As you begin planning for your own cybersecurity budget, use the numbers above as a benchmark for what the average business spends on cybersecurity.


A few things to consider when budgeting for Cybersecurity...

Identify the strengths and weaknesses of your current cybersecurity strategy.

What has worked well in your cybersecurity strategy previously? Are there any obvious vulnerabilities in your network’s infrastructure? Is your business growing and in need of extra support? By analyzing your technological environment, you will make more effective decisions on which areas need additional attention. 

Determine if your business is following both industry and state compliance regulations.

Following state and industry compliance regulations is critical to the survival of your business in the case of the breach. Be sure to confirm that your business is compliant, especially with any cyber liability insurance policies.

Invest in tools that are required for your protection.

The tools your team needs will vary depending on the size of your IT team and which projects are priority for the year. However, to name a few, all businesses should have a ransomware resilient back-up, antivirus solution, 24/7 system monitoring, and password best practices in place.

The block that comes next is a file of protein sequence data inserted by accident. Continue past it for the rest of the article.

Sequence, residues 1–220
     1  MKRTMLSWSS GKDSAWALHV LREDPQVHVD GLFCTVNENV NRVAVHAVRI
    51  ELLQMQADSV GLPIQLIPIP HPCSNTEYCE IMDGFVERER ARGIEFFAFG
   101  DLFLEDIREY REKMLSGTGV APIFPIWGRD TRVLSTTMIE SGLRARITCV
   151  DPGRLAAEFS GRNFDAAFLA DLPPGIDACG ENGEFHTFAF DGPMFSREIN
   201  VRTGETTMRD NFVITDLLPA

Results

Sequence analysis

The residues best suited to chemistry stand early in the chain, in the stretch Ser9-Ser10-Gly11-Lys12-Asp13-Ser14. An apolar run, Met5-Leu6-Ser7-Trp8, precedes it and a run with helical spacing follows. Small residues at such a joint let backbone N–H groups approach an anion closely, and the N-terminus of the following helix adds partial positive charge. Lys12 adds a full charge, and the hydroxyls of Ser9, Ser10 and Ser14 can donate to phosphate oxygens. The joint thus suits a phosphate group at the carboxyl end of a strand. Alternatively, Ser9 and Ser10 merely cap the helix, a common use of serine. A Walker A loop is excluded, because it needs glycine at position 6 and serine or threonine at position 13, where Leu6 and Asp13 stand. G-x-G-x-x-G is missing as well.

Ensure your most sensitive and costly data is secured.

Just as you would lock up your valuables in a safe before leaving your hotel room, be sure your business’ most important data is properly secured first.

Include training and education for all employees.

Your greatest defense against cybercriminals is your employees. Regular training on best practices and the latest cybercriminal tactics will keep them sharp when identifying and avoiding cyber risks.


There are a variety of factors to consider when budgeting for cybersecurity, making this a challenging endeavor for any business. The process is still relatively new to many companies and the need is ever increasing, especially with the popularity of remote work gaining traction and introducing new vulnerabilities.